Those operating premises licensed for the handling and retention of goods ‘under customs control’ face a number of significant challenges:
- the licensing regime is rigorous, setting high standards on those applying to operate premises and those employed in the premises and business
- the ongoing compliance obligations are time-consuming and difficult, including; security and maintenance of the premises, reporting of the movements at the premises and accounting for goods passing through the premises
- exposure to liability to penalties, whether through prosecution or by way of the issue of Infringement Notices (INs). The Goods Compliance Updates provided by the Australian Border Force (ABF) report that the highest numbers of INs issued and the largest liabilities relate to offences associated with licensed premises including; movement of goods without authority, unauthorised changes to operations and failures to account for goods under control
- further exposure to liability for amounts equivalent to the customs duty payable on goods which may be stolen from premises, primarily tobacco and alcohol which are subject to very high levels of duty. To this end, there is a specialist Tobacco Strike Force within the ABF focussing on movement of tobacco and related products and ensuring that appropriate duties are paid
- regular attempts by criminal interests to use licensed premises to illegally move products such as tobacco and alcohol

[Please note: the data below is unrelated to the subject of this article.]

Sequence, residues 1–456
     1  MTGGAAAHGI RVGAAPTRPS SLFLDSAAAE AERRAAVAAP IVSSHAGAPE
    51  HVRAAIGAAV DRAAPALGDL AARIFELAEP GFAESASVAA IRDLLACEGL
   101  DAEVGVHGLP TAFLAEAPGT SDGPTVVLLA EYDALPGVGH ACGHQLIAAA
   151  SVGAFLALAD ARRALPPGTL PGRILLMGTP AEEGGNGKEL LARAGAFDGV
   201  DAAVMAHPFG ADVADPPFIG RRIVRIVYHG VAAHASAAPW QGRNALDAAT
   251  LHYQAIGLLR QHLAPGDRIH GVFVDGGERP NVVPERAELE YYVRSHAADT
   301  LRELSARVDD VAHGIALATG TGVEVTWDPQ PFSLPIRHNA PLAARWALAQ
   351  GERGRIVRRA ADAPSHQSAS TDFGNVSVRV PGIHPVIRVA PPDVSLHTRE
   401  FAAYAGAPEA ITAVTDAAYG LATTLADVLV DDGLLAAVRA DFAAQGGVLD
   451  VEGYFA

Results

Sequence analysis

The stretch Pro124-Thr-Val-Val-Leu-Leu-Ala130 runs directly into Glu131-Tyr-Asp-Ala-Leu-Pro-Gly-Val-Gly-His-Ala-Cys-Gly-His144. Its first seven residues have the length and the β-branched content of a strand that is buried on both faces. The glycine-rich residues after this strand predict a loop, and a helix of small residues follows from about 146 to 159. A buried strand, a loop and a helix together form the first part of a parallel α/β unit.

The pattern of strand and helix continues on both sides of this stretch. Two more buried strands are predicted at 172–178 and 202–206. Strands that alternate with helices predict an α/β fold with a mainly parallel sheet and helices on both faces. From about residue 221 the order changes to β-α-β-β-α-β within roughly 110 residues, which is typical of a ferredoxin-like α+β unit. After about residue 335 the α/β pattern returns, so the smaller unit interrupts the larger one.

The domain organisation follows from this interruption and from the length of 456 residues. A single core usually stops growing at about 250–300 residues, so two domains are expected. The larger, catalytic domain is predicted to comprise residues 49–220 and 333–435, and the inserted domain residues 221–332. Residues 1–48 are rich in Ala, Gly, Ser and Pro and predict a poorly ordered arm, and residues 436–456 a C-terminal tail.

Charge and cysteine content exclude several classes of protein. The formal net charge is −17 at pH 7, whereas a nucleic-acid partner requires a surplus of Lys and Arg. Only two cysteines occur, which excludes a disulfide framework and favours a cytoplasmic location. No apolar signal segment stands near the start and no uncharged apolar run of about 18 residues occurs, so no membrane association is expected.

- the difficulties in securing appropriate insurance
- the proposal for the creation of additional offences for those dealing with criminal activity at the premises, as well as granting additional powers to the ABF
Industry has been active in attempting to assist those operating these important premises. This has included the presence of law enforcement bodies at CBFCA functions. However the issues continue to arise and there are many reported prosecutions associated with efforts to evade duty properly payable.
Liability to amounts equivalent to duty
Without detracting from the significant penalties being issued to those operating and working in such premises, another real focus is the potential liability for those parties for amounts ‘equivalent to customs duty’ for goods missing from the premises pursuant to section 35A of the Customs Act 1901 (Act).